First off, notice that the kernel of your question is obscured by focusing on the decimal digits of an irrational (indeed, transcendental) number. We could ask the same kind of question about a plain vanilla positive integer. For example, why is it that 1729 ("Hardy's taxicab number") is the smallest positive integer representable as the sum of two cubes in two different ways? Why isn't it some other number instead? Why is it this specific number? However, this new perspective puts us on the road to the answer to your question. Consider this question: Why is it that, for convex polyhedra, the number of vertices minus the number of edges plus the number of faces always equals 2? However, by stereographic projection, this is equivalent to asking why it is that, for connected planar graphs, the number of vertices minus the number of edges plus the number of regions (counting the "infinite" region as one of the regions) always equals 2. However, the proof for the case of connected planar graphs typically involves dismantling the graph in a canonical manner that reduces to a triangle, for which the value of 2 is "obvious". This brings us to the answer to your question: it is not a matter of mathematics, or even of metamathematics, but a question of psychology. The more steeped you are in Mathematics, the more obvious things seem to you. For example, for Euler, who had, among other things, committed many primes to memory, the value of Hardy's taxicab number would perhaps seem self-evident, as it did to Ramanujan. To an Infinite Intelligence (God), everything would be self-evident, but for finite minds there always comes a boundary where they wonder why a certain value is what it is. Nor is Mathematics unique in that regard. In Physics they still haven't figured out why the so-called "fine structure constant" is the value that it is (approximately 1/137), and the reasons for its value is the subject of on-going debate.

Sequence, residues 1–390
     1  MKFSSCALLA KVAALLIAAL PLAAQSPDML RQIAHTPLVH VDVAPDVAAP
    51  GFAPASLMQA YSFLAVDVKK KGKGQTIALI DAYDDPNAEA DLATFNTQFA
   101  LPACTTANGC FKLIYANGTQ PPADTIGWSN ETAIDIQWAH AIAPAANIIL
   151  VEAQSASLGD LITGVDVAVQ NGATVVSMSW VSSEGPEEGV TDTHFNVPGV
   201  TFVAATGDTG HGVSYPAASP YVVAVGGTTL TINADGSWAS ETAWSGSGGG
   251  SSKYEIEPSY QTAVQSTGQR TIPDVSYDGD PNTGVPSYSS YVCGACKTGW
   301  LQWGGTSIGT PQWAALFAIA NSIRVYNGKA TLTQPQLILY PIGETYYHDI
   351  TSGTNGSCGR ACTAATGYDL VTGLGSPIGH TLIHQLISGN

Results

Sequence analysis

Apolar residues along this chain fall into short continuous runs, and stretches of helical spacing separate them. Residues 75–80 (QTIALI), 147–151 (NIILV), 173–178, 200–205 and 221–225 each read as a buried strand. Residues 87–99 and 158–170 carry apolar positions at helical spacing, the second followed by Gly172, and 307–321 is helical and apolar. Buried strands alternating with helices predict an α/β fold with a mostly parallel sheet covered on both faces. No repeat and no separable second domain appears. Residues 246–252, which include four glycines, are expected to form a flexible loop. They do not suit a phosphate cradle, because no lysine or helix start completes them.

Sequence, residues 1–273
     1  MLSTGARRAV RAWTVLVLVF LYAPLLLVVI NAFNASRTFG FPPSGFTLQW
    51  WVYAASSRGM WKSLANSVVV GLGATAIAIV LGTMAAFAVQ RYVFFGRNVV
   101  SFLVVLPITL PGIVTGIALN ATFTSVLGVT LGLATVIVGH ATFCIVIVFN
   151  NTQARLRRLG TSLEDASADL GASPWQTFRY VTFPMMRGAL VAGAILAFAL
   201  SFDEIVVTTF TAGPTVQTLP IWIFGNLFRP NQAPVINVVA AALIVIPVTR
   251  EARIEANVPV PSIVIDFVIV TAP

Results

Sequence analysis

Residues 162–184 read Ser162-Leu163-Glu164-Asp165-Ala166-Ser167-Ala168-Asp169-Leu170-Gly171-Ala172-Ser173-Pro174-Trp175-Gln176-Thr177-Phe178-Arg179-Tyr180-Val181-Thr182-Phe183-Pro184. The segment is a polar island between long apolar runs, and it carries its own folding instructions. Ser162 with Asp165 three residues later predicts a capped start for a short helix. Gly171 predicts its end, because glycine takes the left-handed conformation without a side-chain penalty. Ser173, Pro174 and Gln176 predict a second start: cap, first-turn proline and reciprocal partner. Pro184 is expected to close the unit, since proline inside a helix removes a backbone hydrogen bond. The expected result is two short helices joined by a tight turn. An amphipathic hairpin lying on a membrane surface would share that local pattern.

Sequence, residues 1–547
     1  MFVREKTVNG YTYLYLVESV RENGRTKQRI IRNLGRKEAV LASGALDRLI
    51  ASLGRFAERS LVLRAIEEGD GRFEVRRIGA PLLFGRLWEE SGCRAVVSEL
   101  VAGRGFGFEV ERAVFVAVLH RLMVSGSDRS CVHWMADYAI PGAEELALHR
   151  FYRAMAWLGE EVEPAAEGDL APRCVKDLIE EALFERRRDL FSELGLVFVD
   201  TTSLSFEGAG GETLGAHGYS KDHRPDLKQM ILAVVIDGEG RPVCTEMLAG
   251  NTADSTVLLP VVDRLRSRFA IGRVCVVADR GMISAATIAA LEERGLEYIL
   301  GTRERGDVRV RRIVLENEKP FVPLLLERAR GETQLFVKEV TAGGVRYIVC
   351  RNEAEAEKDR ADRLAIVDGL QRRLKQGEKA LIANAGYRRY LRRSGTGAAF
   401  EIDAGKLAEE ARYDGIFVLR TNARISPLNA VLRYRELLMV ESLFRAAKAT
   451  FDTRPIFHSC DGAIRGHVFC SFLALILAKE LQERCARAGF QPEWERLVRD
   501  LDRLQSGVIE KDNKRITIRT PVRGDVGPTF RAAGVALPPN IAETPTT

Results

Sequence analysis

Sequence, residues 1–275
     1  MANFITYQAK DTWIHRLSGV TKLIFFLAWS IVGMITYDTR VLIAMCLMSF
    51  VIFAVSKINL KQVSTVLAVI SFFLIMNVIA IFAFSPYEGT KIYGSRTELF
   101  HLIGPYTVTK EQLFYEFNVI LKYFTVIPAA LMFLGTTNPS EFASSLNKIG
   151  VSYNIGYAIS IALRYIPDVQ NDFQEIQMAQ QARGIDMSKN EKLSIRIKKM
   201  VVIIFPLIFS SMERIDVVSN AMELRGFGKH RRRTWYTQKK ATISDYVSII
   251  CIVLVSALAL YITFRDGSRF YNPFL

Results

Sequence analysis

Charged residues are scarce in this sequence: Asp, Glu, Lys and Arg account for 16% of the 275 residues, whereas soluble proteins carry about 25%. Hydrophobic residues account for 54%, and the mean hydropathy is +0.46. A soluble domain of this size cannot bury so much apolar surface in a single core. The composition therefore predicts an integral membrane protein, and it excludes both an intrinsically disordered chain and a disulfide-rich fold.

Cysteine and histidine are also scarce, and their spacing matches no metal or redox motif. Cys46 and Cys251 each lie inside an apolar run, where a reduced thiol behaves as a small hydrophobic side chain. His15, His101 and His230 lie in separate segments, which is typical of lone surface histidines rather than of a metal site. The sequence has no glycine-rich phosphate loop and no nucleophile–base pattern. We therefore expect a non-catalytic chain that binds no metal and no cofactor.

Anyway, perspective might be gained and retained by bearing in mind the following famous joke:

Mathematics is really Psychology.

Psychology is really Biology.

Biology is really Chemistry.

Chemistry is really Physics.

Physics is really Mathematics.